On Tuesday, the UN humanitarian agency stated that violent clashes that erupted six months ago between the Sudanese Armed Forces and the paramilitary Rapid Support Forces in Sudan have forced more than 310,000 individuals into South Sudan.
Marie-Helene Verney, the UN’s acting humanitarian coordinator in South Sudan, said that the arrivals included South Sudanese returnees (more than 90 percent), refugees, and third-country nationals.
“Nobody had imagined that six months on, we would still be witnessing such large daily inflows,” Verney said in a statement issued in the South Sudanese capital of Juba on Monday evening.
According to the UN Office for the Coordination of Humanitarian Affairs (OCHA), South Sudan continues to face overlapping crises, including flooding, conflict, and food insecurity, all of which adversely affect the resilience and vulnerability of people across the country.
Furthermore, it said that the ongoing Sudan crisis has had a dramatic negative impact on the already fragile humanitarian situation.
“Disruptions in cross-border trade and humanitarian corridors have led to increased prices of food and commodities, particularly in the northern half of the country, where most of the new arrivals are settling.”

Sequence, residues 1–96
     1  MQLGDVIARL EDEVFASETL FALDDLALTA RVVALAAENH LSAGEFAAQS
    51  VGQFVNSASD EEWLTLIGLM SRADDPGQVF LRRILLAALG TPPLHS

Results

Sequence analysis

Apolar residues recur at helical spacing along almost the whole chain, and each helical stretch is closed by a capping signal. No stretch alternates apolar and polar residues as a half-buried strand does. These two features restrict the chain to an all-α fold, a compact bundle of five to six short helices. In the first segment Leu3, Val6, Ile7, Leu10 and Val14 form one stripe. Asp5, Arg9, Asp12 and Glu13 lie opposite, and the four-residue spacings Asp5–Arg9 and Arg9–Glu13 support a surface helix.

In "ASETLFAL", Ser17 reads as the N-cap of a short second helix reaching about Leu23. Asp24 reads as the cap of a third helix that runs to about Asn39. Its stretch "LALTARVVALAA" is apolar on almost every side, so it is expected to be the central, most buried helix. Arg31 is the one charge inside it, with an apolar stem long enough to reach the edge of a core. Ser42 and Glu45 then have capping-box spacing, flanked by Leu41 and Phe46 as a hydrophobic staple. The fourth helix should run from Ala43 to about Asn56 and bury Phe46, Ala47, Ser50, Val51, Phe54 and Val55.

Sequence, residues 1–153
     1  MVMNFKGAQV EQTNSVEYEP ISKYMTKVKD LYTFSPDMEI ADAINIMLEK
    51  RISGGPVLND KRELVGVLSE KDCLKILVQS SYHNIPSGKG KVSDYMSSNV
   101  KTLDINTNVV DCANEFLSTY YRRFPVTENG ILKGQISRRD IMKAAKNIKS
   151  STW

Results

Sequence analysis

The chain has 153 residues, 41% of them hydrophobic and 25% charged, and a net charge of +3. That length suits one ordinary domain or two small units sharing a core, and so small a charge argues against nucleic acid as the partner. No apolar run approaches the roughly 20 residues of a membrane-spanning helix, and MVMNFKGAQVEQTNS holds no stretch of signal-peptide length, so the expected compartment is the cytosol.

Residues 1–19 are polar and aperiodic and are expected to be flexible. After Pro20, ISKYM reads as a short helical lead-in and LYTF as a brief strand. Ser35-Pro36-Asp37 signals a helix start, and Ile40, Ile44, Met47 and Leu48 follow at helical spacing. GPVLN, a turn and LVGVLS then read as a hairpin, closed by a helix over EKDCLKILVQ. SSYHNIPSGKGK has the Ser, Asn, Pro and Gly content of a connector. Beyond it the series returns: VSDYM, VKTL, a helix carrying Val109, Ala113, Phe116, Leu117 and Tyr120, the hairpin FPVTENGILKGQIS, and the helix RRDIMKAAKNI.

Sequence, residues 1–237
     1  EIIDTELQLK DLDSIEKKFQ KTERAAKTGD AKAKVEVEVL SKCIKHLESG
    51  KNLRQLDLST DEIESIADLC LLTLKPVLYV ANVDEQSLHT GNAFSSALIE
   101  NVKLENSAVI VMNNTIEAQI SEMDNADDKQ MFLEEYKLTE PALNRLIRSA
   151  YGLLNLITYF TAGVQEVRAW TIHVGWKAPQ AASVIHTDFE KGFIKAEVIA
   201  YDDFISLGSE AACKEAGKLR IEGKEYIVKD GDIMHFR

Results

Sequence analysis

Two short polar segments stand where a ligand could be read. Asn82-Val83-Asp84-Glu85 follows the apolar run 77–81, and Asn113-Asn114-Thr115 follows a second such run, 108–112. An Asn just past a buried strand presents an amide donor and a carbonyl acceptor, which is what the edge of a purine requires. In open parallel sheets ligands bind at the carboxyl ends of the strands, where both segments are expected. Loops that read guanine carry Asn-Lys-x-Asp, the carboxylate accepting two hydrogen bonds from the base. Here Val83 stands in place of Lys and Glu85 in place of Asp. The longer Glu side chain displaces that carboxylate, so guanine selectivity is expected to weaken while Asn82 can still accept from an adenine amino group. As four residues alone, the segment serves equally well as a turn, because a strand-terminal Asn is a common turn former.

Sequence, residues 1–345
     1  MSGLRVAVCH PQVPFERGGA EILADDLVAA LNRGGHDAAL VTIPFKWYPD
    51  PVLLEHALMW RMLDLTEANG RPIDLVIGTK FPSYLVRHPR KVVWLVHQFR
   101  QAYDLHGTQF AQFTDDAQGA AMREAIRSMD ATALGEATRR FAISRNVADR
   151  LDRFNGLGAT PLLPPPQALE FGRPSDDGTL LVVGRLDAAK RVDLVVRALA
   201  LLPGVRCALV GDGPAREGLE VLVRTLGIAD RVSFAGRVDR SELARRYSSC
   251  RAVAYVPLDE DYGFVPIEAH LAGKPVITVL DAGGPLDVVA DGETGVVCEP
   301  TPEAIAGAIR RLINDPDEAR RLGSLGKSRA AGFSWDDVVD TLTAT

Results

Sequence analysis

“This has worsened food insecurity and compounded acute humanitarian needs for the existing population and the new arrivals,” it added.
Moreover, Verney also stated that this crisis has stretched the humanitarian response in South Sudan close to the breaking point. “With no end in sight, a global decrease in humanitarian funding, and more new conflicts breaking out around the world, humanitarian partners are increasingly forced to deprioritize even life-saving activities.”
Verney called on South Sudan to step up the delivery of basic services in vulnerable communities with the support of development actors.
According to the UN agency, poor infrastructure and, in particular, lack of roads, flooding, and funding constraints are severely testing the capacity of humanitarian actors to respond both at the border and in receiving communities, as well as putting pressure on onward transportation, which remains the most critical need in this response.
The OCHA said additional funding is needed to provide adequate space in overcrowded transit centers to reduce the risks of disease outbreaks and gender-based violence. “Additional funding will also support children fleeing the war in Sudan to resume learning and help reduce protection risks, such as child marriage, child labor, and recruitment of child soldiers.”
* This article was automatically syndicated and expanded from Telesur English.